Is robotics just around the corner?
Weren’t you getting just a tad sick of hearing that “just around the corner” stuff? Fact is, for what seemed like the longest time, it worked.
It bordered on the embarrassing to see robotics engineers stopped in their tracks and almost nodding in agreement when that line was spouted from podiums at conferences and meetings. It was like the hammer of truth for which there was no possible retort. Suddenly, it’s gone.
Something happened on the way to the future to change all that nonsense, and it was never more in evidence than at this year’s Consumer Electronics Show 2015 (CES).
There was a palpable self-awareness, self-assurance, and drive in the air from the robotics contingent that expressed itself with energy and conviction — plus good robots. Robots that were well-designed, well-engineered, and looked cool. The show featured machines that most anyone would want to own.
See related: Consumer Robotics Gets ‘Personal’ at CES 2015
A stroll amid the throng of attendees in the Robotics Marketplace with its three-dozen expo booths sporting all manner of robots was an easy enough place to see this new sense of vitality.
Sure, there were a few deadhead exhibitors sprinkled through the robotics venue who thought consumer robotics of any utility at all was still “a long way off.” Guess that’s to be expected. But they were so rare and so obviously wrong thinking that they tended to self-marginalize themselves.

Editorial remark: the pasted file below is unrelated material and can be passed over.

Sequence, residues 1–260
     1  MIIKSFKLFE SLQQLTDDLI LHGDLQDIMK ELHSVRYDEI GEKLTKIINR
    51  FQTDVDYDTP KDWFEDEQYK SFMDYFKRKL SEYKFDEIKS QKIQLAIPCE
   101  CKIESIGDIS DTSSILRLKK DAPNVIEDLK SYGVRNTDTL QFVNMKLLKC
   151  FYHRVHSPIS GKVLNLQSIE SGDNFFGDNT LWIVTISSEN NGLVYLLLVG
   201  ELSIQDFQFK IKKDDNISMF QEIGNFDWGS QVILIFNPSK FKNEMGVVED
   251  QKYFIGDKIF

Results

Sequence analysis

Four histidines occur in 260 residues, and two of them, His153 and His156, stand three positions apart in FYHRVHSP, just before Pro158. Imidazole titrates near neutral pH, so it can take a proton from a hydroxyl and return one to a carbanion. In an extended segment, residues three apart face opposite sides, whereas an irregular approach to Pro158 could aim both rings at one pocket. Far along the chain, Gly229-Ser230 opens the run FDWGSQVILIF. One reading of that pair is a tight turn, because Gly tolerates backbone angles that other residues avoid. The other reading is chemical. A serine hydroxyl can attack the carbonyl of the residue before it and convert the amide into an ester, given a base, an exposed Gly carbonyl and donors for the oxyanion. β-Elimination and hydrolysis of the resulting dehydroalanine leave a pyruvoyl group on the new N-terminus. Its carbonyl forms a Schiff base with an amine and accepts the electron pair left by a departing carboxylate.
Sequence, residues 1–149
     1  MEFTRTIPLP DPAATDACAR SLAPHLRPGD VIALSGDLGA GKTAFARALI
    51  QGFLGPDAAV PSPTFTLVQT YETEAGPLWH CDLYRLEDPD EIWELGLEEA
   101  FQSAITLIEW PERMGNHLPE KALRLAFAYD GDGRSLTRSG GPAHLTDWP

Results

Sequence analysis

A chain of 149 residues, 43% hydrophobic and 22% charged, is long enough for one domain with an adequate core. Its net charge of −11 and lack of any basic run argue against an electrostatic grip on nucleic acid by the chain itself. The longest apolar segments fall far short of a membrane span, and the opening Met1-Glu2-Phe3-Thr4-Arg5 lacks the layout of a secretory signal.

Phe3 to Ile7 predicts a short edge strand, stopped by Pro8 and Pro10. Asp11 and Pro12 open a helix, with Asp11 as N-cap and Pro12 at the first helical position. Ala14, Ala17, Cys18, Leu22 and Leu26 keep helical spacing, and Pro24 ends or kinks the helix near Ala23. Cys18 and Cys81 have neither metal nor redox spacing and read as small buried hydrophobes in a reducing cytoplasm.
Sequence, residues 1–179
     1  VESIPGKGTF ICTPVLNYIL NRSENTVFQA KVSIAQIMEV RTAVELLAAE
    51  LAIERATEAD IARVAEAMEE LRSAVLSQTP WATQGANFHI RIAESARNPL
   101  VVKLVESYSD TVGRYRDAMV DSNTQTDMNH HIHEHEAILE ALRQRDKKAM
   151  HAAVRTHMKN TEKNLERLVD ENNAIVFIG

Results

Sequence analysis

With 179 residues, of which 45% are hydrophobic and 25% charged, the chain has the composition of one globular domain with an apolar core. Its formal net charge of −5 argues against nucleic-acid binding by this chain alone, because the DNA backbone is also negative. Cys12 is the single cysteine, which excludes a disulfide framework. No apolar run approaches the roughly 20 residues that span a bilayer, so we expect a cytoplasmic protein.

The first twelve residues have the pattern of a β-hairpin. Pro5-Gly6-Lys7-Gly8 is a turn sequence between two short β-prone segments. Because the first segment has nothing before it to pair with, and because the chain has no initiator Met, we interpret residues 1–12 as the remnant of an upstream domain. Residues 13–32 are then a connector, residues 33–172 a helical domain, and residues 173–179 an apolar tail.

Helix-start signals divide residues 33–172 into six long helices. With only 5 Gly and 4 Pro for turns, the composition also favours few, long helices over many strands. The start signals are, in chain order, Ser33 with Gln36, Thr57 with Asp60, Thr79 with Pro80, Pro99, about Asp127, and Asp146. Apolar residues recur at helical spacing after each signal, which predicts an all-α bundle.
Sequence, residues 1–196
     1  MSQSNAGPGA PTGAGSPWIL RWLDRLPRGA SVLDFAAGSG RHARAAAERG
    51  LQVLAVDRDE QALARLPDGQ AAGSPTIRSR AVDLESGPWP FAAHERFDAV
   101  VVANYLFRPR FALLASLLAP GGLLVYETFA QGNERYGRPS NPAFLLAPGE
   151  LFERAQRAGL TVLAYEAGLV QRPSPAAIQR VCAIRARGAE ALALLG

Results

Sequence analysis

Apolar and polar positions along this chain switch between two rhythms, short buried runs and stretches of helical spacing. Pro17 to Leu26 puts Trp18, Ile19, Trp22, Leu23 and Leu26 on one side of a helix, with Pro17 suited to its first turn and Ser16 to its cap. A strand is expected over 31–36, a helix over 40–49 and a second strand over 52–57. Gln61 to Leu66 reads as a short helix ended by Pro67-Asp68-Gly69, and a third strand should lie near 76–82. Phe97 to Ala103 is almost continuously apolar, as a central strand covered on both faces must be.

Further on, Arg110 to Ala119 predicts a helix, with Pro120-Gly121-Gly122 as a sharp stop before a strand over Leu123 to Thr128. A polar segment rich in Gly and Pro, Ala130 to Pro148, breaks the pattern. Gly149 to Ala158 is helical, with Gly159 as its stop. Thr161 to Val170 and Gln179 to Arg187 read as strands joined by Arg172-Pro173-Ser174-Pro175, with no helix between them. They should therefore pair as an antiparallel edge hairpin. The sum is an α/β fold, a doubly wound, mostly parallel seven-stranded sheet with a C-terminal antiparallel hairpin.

Isn’t that refreshing?
Lowe’s, the “Let’s do something” retailer was there with a skyscraper pavilion for its Lowe’s Innovation Labs? OSHbot retail robot. OSHbot (a reference to Orchard Supply Hardware, a subsidiary of Lowe’s) worked this holiday season helping customers navigate the arcane world of finding hardware supplies at an Orchard’s San Jose, Calif., store.
OSHbot was built in conjunction with Fellow Robots (originally in 2012 called 9th Sense Robotics; name change in 2013) and Singularity University. The very energetic and very bright Marco Mascorro, CEO and CTO of Fellow Robots, was there to put OSHbot through its paces, both in English and Spanish. “We’e got Mandarin, French, and Japanese waiting in the wings,”he said.